up doing is writing all those rules for those classes individually, which would be boring to write and just be extra code for the computer to process.
Extends help you stay semantic.
After this, go read “Bootstrap without all the debt”
Extends are a really great way to keep your HTML semantic. Instead of littering your HTML with tonnes of classes like “main-font green big” that could
potentially change later on, you can keep all your style rules in your stylesheets! Bootstrap and other bits of copied code gets people into bad practices like
this, mainly because out of context, you kind of need those classes in your HTML. But when you’re working on a big site that might be changed a fair bit,
you can use extends to keep everything cleaner.
6. Operators (+, -, *, / & %)
Sometimes maths is useful when you’re writing stylesheets. There’s actually now a calc function in normal CSS that acts fairly similar, but that relies on
browser support. Using operators in Sass is of course especially powerful because you can use variables like $sidebar-width and then calculate a margin
that you know will change when you change that variable. You can also do if functions, and for and while loops. I won’t go into those here though.
You. Writing code.
Preprocessing, e.g. CoffeScript,
Server-Side, e.g. PHP/Ruby
Client-Side, e.g. HTML, CSS, JS
When you’re doing maths though, or indeed any computation in your code - You need to be mindful of where in the process between you and the user that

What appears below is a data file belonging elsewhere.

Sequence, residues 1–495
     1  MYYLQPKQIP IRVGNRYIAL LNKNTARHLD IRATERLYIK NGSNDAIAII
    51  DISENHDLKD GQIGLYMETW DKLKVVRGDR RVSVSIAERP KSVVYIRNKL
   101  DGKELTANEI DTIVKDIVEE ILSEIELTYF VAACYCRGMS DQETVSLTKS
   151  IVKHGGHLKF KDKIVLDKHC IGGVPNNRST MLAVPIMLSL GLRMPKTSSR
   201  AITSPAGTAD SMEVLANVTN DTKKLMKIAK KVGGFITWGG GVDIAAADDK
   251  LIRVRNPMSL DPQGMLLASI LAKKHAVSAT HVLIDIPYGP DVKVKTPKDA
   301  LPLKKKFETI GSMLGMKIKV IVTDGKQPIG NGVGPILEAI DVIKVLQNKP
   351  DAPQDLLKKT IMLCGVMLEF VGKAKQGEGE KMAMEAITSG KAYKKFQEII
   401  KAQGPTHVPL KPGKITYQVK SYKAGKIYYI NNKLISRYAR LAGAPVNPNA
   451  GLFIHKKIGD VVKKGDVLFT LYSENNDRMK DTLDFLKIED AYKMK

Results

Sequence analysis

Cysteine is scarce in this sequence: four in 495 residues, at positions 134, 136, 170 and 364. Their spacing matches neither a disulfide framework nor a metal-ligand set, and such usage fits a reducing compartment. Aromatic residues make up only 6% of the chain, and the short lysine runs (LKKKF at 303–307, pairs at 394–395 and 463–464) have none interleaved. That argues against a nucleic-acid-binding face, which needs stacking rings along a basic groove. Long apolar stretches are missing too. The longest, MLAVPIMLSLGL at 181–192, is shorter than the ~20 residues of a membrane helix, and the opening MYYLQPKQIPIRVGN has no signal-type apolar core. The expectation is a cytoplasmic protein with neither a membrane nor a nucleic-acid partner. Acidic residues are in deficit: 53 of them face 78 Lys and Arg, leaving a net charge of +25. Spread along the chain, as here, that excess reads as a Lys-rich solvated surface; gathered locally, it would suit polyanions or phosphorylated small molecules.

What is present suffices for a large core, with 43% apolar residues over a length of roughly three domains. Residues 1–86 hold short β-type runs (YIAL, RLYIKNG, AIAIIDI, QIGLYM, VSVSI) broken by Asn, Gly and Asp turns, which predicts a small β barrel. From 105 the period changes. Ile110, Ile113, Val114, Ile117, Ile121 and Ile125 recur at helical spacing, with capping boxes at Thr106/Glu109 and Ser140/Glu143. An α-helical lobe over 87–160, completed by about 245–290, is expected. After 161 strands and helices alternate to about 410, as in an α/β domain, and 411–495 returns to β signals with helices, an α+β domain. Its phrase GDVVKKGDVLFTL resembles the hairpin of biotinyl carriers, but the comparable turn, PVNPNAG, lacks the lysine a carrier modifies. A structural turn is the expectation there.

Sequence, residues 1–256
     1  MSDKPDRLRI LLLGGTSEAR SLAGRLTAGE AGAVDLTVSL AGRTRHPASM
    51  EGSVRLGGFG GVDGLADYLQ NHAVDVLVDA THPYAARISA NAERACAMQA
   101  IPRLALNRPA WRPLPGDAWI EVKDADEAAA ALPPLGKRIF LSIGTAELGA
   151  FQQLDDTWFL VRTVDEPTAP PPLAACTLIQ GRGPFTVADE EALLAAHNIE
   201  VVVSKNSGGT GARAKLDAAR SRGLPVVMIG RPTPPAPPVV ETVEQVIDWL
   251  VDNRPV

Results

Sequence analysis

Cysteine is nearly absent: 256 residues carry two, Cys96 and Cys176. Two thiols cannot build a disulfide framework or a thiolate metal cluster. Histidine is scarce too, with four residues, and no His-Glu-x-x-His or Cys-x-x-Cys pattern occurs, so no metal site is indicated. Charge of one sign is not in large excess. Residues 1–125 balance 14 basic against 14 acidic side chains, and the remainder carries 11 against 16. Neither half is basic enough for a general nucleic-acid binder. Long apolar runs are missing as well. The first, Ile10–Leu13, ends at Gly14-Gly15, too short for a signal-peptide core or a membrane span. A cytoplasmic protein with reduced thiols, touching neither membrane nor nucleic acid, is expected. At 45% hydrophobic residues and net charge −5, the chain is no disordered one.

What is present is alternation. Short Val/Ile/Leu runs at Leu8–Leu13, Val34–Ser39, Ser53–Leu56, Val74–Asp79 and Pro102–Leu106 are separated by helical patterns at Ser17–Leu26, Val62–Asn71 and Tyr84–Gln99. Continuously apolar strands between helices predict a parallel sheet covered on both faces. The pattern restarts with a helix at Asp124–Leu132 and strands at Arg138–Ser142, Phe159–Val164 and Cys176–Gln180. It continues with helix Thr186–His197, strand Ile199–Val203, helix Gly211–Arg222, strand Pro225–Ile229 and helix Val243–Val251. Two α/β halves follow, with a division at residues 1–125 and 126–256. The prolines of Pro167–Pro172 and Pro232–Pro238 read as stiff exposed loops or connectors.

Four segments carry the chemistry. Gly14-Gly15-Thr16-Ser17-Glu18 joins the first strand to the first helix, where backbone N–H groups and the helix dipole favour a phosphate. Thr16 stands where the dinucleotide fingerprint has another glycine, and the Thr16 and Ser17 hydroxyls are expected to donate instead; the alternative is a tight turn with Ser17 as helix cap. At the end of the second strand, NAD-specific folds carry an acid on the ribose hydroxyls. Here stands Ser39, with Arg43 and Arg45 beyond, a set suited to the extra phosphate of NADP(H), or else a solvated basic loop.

computation is happening; Where your code runs. So without preprocessors in the mix, you have your front end and your back end; Your server side stuff
and your client side. That’s why you can’t use maths in Sass to respond to a user resizing their window for instance, and you can’t set up variables in Sass
that change depending on something the user does. It compiles over here, way before any of that stuff happens.
You can make your client-side stuff talk to your server side, but you can never get that stuff to talk to preprocessors, because Browsers don’t know Sass.
How to preprocessor?
Using ‘Rails? Get the gem.
So by now you’re probably all dying to know how do I actually turn this Sass stuff into CSS that the browser can understand. Well, if you’re using Ruby on
Rails, you just install the gem and you don’t need to worry about it ever again. If not, you’ll either have to tell your computer via the command line to
watch for changes in the ﬁle you’re working on and then compile it.. OR just install a program that does that for you. Here’s some examples. I personally
use CodeKit for Mac, and Jerome uses Prepros on his PC. It’s really simple, you just add your project and make sure your app is running while you work.
This list is taken from the Sass website, which brings me onto my ﬁnal slide…
The Sass website. More information about everything I’ve talked about is on there in the docs, including reference for all the terms. When you start using
Sass, you’ll probably need it open in a tab for a bit, but there really isn’t that much to learn and I promise you it will make your life better!